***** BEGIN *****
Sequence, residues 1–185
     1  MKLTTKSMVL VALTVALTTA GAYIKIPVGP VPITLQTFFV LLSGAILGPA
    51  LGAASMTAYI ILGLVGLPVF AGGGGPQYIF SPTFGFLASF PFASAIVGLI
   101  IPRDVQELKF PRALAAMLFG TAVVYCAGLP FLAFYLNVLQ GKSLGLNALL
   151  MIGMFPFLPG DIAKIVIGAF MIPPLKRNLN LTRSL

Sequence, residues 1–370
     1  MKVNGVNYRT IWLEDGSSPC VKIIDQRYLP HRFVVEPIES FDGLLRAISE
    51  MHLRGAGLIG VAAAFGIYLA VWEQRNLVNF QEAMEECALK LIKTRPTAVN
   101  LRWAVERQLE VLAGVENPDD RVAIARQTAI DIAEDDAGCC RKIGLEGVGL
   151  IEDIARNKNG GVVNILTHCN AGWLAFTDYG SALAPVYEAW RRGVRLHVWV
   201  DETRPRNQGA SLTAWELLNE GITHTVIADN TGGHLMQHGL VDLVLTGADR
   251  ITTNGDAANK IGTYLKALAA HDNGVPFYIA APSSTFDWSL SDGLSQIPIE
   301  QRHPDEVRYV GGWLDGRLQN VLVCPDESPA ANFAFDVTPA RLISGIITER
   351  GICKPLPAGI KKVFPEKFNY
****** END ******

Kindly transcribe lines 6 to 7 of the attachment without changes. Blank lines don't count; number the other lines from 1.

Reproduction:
Sequence, residues 1–370
     1  MKVNGVNYRT IWLEDGSSPC VKIIDQRYLP HRFVVEPIES FDGLLRAISE